Q4 is almost here! And you may be looking to ramp up employee productivity to reach your annual revenue goals. If you are behind schedule, this may be the time to rally the troops and incentivize them to win more business. But how do you do so amidst the chaotic atmosphere of the holidays? How do you fight against employee absenteeism and low energy levels when you are trying to make the most of the quarter? Here are some simple but practical tips to finish the year strong.

1 Tell the truth! Be honest about the company’s situation

Sometimes telling the truth is the first step to reaching a successful outcome. John Emery, CEO of Emery Worldwide, now part of UPS, provided company updates to its employees bi-annually. One time, the company’s stock plummeted, and the CEO was forced to announce the terrible news to its employees. He believed it was the best way to recover from this event. He said, “We’re all in this together, and I need everyone on board now more than any other time.”

Once John made the announcement, the news impacted the organization positively. Everyone was brainstorming on how they could remedy the situation, and together, they were able to recover from this disaster. If you are in a similar position, tell your employees how vital it is for the company to reach its goal, and what the potential impact is if it doesn’t. Sometimes, crises call for all hands on deck to save the enterprise. So if you haven’t been honest with your employees, now is the time to be.

2 Encourage employees to speak up without finger-pointing

The way you choose to deliver difficult information to your employees is critical and demands a lot of tact. As a leader, your role is to remain unbiased, approachable, kind, optimistic, and diplomatic. This behavior will enable your team to open-up, and frankly present you with viable solutions to reach your goals. Remember, at this stage of the game, it’s not about who’s wrong or who failed to perform. It’s about what we can do individually and collectively to succeed. If there are toxic issues that need to be addressed, address them privately with the appropriate parties concerned. Otherwise, move forward.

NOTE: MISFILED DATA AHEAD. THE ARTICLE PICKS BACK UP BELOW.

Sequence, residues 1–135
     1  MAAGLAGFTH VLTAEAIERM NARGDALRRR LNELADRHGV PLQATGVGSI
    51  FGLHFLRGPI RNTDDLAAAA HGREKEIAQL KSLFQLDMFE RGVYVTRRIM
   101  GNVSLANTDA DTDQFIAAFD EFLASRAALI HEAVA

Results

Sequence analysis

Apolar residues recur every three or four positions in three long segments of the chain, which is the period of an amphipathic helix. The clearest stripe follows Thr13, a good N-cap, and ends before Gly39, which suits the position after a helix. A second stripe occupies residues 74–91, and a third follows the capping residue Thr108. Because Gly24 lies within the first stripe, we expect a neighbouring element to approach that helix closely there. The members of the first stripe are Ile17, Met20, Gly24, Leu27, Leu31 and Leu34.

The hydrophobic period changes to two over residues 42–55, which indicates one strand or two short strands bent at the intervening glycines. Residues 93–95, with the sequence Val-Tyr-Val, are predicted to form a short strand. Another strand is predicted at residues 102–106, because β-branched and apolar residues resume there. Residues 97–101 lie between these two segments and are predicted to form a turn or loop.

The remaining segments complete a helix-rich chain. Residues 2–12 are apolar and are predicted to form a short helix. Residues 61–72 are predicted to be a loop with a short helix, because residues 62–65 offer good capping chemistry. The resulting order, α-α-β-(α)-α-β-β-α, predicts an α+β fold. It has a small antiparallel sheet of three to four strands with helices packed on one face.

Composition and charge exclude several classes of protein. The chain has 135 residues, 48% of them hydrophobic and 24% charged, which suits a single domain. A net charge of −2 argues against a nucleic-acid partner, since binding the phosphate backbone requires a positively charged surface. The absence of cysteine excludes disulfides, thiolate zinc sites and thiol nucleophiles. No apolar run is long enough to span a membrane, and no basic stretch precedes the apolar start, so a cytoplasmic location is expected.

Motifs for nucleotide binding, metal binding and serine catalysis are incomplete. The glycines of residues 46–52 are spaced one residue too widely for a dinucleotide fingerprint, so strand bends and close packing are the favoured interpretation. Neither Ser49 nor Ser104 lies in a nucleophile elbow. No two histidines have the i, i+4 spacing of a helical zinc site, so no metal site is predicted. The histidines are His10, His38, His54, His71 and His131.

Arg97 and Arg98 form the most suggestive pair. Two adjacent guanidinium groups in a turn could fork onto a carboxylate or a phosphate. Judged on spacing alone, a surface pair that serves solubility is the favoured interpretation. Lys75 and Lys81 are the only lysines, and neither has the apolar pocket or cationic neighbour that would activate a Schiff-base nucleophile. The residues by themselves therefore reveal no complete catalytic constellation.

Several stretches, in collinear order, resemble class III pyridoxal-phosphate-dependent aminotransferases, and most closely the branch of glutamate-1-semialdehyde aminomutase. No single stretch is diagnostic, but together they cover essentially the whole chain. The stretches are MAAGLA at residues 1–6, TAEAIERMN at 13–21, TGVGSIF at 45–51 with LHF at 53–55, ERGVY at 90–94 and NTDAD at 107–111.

Tim Armstrong, the CEO of AOL, was not able to handle a problematic situation properly. During a company-wide address to 1,100 PATCH employees, the CEO fired Abel Lenz, the Creative Director, for his lack of attention to his message. PATCH, a subsidiary of AOL, had been losing a lot of money, so much that it was on the brink of facing mass layoffs.

Tim had noticed the Creative Director had been too distracted filming the meeting, instead of paying attention to the critical message he was sharing. As a result, the CEO said, “Stop shooting. Abel, you’re fired. Out of here.” According to the Harvard Business Review, Tim had been disappointed previously with the Creative Director’s work performance. Therefore, Lenz’s behavior at the meeting resulted in his termination.